Assistant Campus Life Editor
While each Common Hour may only last one hour, it takes months of planning, the work of countless faculty, staff, students, and approximately 880 slices of pizza to put it all together.
At Common Hour, a weekly event in which speakers come to F&M to discuss controversial ideas, food for thought takes on a new meaning as the F&M community gathers to discuss issues while eating their way through the pizza and apples that are supplied at most Common Hour events.
Since it was started by F&M faculty three years ago, Common Hour has grown to encompass all parts of the College. This year, Common Hour has an average attendance of 500 people each week.
“I really like that this has become something for the entire College community,” said Annalisa Crannell, chair of the Common Hour Committee. “I believe that you can’t have a community if you don’t have something in common, and for us, this is a common intellectual adventure.”
The process of planning a Common Hour event begins when F&M faculty or students fill out an online form to propose a Common Hour speaker. When proposals come from students, the proposal is first reviewed by the student members of the Common Hour Committee. They work together to perfect the proposal and often look for sources of funding or find a faculty member to support the event.
The proposal is then reviewed by the entire Common Hour Committee. The Committee researches the proposed speaker by watching online clips of their previous talks, considering the speaker’s credentials, and trying to gauge their peers’ interest in the potential speaker.
“We talk about if we think this speaker would work well and is also something that would be interesting to people,” Crannell said. “Our big question is, ‘what’s the hook?’”
If the Committee decides to invite the speaker, the person who originally wrote the proposal contacts him or her and makes many of the speaker’s arrangements.
The Common Hour Committee does not receive funding from the administration; instead it raises money from groups all over campus, including College Houses, academic departments, and endowed lecture funds, to cover the high cost of each week’s event. The funding goes toward paying the speaker’s travel expenses and an honorarium, or speaker’s fee.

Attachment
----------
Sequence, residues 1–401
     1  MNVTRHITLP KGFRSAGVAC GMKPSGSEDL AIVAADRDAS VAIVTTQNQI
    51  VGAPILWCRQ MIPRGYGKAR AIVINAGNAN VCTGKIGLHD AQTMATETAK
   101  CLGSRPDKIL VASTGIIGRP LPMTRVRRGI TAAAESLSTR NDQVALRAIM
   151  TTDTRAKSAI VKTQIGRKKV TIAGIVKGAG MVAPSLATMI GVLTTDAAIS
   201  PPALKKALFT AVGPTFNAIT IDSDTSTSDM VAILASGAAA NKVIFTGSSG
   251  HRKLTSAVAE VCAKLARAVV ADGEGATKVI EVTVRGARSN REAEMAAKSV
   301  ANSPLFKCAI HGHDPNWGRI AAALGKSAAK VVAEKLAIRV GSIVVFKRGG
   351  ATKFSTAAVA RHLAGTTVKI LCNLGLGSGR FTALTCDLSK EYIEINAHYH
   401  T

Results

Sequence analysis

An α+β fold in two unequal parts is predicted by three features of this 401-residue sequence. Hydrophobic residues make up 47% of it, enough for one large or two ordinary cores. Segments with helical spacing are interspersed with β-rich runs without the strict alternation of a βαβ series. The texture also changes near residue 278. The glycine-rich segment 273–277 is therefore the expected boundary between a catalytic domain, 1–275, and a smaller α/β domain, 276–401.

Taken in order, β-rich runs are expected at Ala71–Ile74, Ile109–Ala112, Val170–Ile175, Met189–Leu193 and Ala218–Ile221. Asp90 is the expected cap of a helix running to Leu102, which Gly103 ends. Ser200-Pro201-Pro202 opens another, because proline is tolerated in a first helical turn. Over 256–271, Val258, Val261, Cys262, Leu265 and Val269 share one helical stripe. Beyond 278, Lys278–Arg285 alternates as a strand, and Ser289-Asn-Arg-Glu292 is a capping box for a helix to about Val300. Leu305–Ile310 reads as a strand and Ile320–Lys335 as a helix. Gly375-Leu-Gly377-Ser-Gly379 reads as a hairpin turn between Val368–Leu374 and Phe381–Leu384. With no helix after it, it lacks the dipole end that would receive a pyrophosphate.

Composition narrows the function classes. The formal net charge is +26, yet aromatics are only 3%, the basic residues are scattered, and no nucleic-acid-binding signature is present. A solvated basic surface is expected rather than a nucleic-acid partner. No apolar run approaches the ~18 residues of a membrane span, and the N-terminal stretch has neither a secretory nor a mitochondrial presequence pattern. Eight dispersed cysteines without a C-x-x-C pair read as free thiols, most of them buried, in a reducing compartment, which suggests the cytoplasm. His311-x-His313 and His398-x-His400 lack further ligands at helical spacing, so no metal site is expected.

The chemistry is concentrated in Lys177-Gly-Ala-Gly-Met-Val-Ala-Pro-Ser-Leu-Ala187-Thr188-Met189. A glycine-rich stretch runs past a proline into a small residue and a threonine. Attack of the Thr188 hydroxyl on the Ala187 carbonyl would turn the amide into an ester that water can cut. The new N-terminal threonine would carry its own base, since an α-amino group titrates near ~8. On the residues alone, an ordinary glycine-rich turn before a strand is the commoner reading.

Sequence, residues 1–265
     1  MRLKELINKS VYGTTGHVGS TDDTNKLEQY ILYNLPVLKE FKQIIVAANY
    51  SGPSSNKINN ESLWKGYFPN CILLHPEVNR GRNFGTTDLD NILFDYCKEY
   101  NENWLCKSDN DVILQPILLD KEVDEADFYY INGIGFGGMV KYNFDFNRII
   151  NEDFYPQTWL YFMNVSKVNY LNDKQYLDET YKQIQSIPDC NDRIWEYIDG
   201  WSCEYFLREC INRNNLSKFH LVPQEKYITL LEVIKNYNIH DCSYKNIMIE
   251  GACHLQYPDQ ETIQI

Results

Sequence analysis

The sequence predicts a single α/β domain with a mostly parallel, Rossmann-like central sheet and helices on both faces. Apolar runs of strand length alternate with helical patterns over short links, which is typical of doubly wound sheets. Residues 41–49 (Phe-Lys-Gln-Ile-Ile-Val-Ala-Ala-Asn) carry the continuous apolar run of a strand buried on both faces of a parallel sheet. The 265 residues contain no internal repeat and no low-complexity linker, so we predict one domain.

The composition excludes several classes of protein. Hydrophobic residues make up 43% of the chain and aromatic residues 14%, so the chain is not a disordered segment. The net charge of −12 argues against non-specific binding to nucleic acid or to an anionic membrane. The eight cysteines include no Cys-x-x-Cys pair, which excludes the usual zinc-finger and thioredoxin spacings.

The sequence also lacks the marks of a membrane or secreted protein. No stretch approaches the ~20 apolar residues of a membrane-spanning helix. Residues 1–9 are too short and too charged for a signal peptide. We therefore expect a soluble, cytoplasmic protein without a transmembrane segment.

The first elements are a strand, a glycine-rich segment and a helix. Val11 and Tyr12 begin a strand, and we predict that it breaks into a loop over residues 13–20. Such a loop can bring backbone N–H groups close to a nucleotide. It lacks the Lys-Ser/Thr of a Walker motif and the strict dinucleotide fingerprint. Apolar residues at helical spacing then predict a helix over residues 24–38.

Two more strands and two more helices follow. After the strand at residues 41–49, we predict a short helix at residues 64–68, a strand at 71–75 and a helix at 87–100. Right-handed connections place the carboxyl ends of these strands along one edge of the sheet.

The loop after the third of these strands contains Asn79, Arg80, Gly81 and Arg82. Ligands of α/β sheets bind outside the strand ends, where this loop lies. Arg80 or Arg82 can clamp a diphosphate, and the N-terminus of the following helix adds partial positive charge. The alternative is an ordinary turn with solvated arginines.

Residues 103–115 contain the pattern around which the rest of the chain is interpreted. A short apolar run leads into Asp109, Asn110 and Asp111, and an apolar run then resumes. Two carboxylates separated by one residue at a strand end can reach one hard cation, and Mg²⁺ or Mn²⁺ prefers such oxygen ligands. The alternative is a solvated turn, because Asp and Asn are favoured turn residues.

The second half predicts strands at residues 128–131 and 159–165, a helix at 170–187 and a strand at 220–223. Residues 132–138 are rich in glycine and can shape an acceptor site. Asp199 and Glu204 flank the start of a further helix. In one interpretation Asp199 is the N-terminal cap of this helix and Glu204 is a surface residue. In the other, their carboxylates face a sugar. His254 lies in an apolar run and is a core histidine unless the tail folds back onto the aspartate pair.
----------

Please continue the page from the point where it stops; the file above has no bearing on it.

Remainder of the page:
Currently, students on the Committee are writing a grant proposal to try to get funding from the administration specifically for students who propose Common Hour speakers.
Every Thursday, preparation begins at about 8 a.m., when workers from Facilities and Operations start setting up chairs, tables and the stage in Mayser Auditorium. Volunteers from student groups as well as members of the Common Hour Committee arrive around 11 a.m. to set up the food.
The Committee raises money to pay for the food bought for Common Hour. The Committee orders apples from the campus dining services, which costs about $210 total. It also orders approximately 110 pizzas, from Antonio’s Pizza House in downtown Lancaster, for about $770.
“When we started with Common Hour, we had no idea what to do with lunch,” Crannell said. “One idea the original Common Hour Committee had was closing down the Dining Hall during Common Hour so everyone would have to come, but we decided it wouldn’t be logistically feasible. The first semester Common Hour started we let students order a boxed lunch from Sodexo and pick it up at Common Hour. That had very limited success. The next year we just decided we were going to put in the budget ordering pizza for everyone.”
After a speaker agrees to talk at Common Hour, the Committee tries to ensure the topic he or she chooses will be engaging, and the speaker tailors his or her speech to the audience of students and community members.
“We try to jazz up the speaker,” Crannell said. “There are people who do not realize they will be speaking to a crowd of a few hundred people. Also, they’re speaking in the same auditorium that Martin Luther King, Jr. once spoke in. It tends to be a very flattering thing to be invited.”
Occasionally speakers will cancel at the last minute, which can leave Crannell and the Committee scrambling to find a replacement. As Common Hour continually becomes more high-profile and its speakers more prominent, Crannell said speakers are more likely to cancel. This year is the first the Committee has a specific back-up plan in case of cancellations.
Unfortunately, sometimes the speeches do not have the depth the Committee hoped they would.
“One of the challenges is that you can take a subject that sounds very deep and controversial and treat it at a very superficial level,” said Crannell. “Every once in awhile we have that happen, which teaches our committee to look much more closely at the speakers [before inviting them to come].”
Overall, Crannell enjoys how Common Hour is able to bring people together, both through the planning process beforehand and by encouraging debates among attendees afterward.
“I have been really impressed with some of the student-organized Common Hours, and I think sometimes it knocks the socks off some of the faculty, who are surprised that something can come together and be that good,” Crannell said. “Most speakers are really surprised by the level of engagement and the quality and depth of the student questions, which they don’t get to see in a lot of places.”
Crannell hopes the success of Common Hour will continue to grow in the future and provide a resource for increased student involvement.
“Part of the reason why I want to get the funding for student-proposed speakers is that I want to say to students, ‘Look, you don’t have to be Bill Gates to get someone important to come,’’’ Crannell said. “You can be an F&M sophomore and get someone famous to come give this great talk.”
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